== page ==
The Ramayana/Book I/Canto LXV: Vis'vámitra's Triumph
|←Book I, Canto LXIV: Rambhá||The Ramayana of Valmiki , translated by Ralph T. H. Griffith
Canto LXV: Vis'vámitra's Triumph
|Book I, Canto LXVI: Janak's Speech→|
Then from Himálaya's heights of snow,
The glorious saint prepared to go,
And dwelling in the distant east
His penance and his toil increased.
A thousand years his lips he held
Closed by a vow unparalleled,
And other marvels passing thought,
Unrivalled in the world, he wrought.
In all the thousand years his frame
Dry as a log of wood became.
By many a cross and check beset,
Rage had not stormed his bosom yet.
With iron will that naught could bend
He plied his labour till the end.
So when the weary years were o'er,
Freed from his vow so stern and sore,
The hermit, all his penance sped,
Sate down to eat his meal of bread.
Then Indra, clad in Bráhman guise,
Asked him for food with hungry eyes.
The mighty saint, with steadfast soul,
To the false Bráhman gave the whole,
And when no scrap for him remained,
Fasting and faint, from speech refrained.
His silent vow he would not break:
No breath he heaved, no word he spake
Then as he checked his breath, behold!
Around his brow thick smoke-clouds rolled
And the three worlds, as if o'erspread
With ravening flames, were filled with dread.
Then God and saint and bard, convened.
And Nága lord, and snake, and fiend,
Thus to the General Father cried,
Distracted, sad, and terrified:
'Against the hermit, sore assailed,
Lure, scathe, and scorn have naught availed,
Proof against rage and treacherous art
He keeps his vow with constant heart.
Now if his toils assist him naught
To gain the boon his soul has sought,
He through the worlds will ruin send
That fixt and moving things shall end,
The regions now are dark with doom,
No friendly ray relieves the gloom.
Each ocean foams with maddened tide
The shrinking hills in fear subside.
Trembles the earth with feverous throe
The wind in fitful tempest blows.
No cure we see with troubled eyes:
And atheist brood on earth may rise.
The triple world is wild with care,
Or spiritless in dull despair.
Before that saint the sun is dim,
His blessed light eclipsed by him.
Now ere the saint resolve to bring
Destruction on each living thing,
Let us appease, while yet we may,
Him bright as fire, like fire to slay.
Yea, as the fiery flood of Fate
Lays all creation desolate.
He o'er the conquered Gods may reign:
O, grant him what he longs to gain.'
Then all the Blest, by Brahmá led,
Approached the saint and sweetly said:
'Hail, Bráhman Saint! for such thy place:
Thy vows austere have won our grace.
A Bráhman's rank thy penance stern
And ceaseless labour richly earn.
I with the Gods of Storm decree
Long life, O Bráhman Saint, to thee.
May peace and joy thy soul possess;
Go where thou wilt in happiness.'
Thus by the General Sire addressed,
Joy and high triumph filled his breast.
His head in adoration bowed,
Thus spoke he to the Immortal crowd:
'If I, ye Gods, have gained at last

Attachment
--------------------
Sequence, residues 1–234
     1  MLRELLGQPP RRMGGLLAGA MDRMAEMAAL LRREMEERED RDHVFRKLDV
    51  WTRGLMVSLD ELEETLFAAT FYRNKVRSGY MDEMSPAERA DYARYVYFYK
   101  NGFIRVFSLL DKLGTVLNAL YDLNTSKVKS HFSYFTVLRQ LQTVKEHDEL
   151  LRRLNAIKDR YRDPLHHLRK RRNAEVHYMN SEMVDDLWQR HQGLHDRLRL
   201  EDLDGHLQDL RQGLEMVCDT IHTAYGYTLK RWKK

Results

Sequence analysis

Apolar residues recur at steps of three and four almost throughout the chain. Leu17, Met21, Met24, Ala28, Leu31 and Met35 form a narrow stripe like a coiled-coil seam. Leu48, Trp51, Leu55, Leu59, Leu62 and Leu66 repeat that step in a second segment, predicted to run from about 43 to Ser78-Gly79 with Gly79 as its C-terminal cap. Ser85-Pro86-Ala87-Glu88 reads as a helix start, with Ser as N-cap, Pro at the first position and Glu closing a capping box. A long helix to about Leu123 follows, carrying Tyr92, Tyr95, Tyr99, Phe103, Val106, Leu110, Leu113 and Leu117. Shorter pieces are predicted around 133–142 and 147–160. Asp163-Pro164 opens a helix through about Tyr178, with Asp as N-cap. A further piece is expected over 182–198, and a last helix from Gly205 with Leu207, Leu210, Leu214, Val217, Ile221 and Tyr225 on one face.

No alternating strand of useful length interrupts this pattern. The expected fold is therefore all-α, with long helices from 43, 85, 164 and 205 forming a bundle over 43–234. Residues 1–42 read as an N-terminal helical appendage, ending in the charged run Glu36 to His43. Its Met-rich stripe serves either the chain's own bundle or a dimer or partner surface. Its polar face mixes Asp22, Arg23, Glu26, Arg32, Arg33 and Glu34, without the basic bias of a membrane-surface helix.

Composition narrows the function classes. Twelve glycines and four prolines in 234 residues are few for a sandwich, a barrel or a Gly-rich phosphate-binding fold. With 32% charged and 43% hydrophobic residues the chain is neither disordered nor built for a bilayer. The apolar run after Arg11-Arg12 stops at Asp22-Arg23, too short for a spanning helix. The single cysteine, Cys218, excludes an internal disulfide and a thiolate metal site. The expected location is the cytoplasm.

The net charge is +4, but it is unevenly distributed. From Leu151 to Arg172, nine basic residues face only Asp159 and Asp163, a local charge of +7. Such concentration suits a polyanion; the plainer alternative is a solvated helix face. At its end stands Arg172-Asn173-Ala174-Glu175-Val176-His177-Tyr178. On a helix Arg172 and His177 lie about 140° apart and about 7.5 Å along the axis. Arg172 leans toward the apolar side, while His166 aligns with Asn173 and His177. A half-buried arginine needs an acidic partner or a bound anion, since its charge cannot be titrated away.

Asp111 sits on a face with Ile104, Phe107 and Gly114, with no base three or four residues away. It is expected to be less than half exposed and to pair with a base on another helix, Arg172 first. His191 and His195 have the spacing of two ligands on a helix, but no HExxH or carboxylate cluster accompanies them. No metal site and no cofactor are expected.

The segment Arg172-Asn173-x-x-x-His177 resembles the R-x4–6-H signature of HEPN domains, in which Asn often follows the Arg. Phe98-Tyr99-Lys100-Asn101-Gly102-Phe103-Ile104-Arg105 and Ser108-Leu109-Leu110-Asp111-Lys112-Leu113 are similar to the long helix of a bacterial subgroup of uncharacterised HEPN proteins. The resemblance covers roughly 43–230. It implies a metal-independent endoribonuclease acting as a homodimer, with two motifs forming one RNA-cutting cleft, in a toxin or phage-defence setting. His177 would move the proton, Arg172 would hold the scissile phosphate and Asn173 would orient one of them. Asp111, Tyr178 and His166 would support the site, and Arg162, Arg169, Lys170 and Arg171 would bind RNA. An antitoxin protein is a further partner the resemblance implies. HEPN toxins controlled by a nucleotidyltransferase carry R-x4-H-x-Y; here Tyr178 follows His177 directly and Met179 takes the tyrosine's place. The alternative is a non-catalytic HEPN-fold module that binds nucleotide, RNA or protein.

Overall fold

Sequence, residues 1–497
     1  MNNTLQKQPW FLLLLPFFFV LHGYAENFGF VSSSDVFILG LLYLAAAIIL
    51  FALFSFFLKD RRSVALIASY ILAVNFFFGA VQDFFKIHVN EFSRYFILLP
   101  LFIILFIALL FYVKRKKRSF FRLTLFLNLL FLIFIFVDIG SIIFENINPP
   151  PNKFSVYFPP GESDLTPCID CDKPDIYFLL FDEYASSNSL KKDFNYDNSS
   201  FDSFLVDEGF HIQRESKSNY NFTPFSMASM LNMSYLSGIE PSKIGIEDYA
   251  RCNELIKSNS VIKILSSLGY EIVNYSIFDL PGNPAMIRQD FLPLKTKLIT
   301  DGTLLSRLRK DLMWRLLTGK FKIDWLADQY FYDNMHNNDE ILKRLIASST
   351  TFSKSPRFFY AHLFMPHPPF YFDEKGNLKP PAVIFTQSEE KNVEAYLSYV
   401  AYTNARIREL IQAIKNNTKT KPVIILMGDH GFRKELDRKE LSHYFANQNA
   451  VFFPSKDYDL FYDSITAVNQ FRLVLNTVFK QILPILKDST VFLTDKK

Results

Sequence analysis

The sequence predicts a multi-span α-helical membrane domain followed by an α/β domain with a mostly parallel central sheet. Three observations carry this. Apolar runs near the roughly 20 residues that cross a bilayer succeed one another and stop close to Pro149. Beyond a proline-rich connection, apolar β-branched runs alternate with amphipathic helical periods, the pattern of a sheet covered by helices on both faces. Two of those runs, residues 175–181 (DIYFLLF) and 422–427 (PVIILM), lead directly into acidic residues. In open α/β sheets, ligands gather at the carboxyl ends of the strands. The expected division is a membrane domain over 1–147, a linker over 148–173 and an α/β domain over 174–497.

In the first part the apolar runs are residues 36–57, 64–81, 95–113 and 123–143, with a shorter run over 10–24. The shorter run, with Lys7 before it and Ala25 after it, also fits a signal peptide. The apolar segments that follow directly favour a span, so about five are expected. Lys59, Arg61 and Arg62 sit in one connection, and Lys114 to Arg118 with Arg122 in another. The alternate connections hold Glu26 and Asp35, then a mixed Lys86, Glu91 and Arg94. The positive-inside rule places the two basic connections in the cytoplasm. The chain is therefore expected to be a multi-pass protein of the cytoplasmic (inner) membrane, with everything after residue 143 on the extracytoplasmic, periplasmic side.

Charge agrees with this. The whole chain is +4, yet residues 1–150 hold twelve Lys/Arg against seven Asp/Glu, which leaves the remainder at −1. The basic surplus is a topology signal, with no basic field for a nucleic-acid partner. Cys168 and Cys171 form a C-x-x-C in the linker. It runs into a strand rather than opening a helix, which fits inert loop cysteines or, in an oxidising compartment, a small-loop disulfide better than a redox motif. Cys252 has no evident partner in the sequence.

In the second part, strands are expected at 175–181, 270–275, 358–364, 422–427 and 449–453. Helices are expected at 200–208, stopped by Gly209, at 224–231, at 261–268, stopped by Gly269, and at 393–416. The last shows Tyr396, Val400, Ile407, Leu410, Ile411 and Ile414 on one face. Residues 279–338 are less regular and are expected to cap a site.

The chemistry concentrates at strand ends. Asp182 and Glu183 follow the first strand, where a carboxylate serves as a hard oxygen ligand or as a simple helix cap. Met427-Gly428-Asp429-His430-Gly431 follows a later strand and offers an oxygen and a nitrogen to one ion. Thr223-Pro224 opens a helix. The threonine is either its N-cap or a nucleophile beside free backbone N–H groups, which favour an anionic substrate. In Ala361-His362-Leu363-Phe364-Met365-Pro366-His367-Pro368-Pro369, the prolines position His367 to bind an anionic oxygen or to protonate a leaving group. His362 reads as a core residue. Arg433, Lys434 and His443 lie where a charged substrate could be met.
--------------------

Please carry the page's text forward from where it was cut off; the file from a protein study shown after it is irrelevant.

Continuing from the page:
Both length of days and Bráhman caste,
Grant that the high mysterious name,
And holy Vedas, own my claim,
And that the formula to bless
The sacrifice, its lord confess.
And let Vas'ishtha, who excels
In Warriors' art and mystic spells,
In love of God without a peer.
Confirm the boon you promise here.'
With Brahmá's son Vas'ishtha, best
Of those who pray with voice repressed,
The Gods by earnest prayer prevailed,
And thus his new-made friend he hailed:
'Thy title now is sure and good
To rights of saintly Bráhmanhood.'
Thus spake the sage. The Gods, content,
Back to their heavenly mansions went.
And Vis'vamitra, pious-souled,
Among the Bráhman saints enrolled,
On reverend Vas'ishtha pressed
The honours due to holy guest.
Successful in his high pursuit,
The sage, in penance resolute,
Walked in his pilgrim wanderings o'er
The whole broad land from shore to shore.
'Twas thus the saint, O Raghu's son,
His rank among the Bráhmans won.
Best of all hermits, Prince, is he;
In him incarnate Penance see.
Friend of the right, who shrinks from ill,
Heroic powers attend him still.'
The Bráhman, versed in ancient lore,
Thus closed his tale, and said no more,
To S'atánanda Kus'ik's son
Cried in delight, Well done! well done!
Then Janak, at the tale amazed,
Spoke thus with suppliant hands upraised:
'High fate is mine, O Sage, I deem,
And thanks I owe for bliss supreme,
That thou and Raghu's children too
Have come my sacrifice to view.
To look on thee with blessed eyes
Exalts my soul and purifies.
Yea, thus to see thee face to face
Enriches me with store of grace.
Thy holy labours wrought of old,
And mighty penance, fully told,
Ráma and I with great delight
Have heard, O glorious Anchorite.
Unrivalled thine ascetic deeds:
Thy might, O Saint, all might exceeds.
No thought may scan, no limit bound
The virtues that in thee are found.
The story of thy wondrous fate
My thirsty ears can never sate.
The hour of evening rites is near:
The sun declines in swift career.
At early dawn, O Hermit, deign
To let me see thy face again.
Best of ascetics, part in bliss:
Do thou thy servant now dismiss.'
The saint approved, and glad and kind
Dismissed the king with joyful mind
Around the sage King Janak went
With priests and kinsmen reverent.
Then Vis'vámitra, honoured so,
By those high-minded, rose to go,
And with the princes took his way
To seek the lodging where they lay.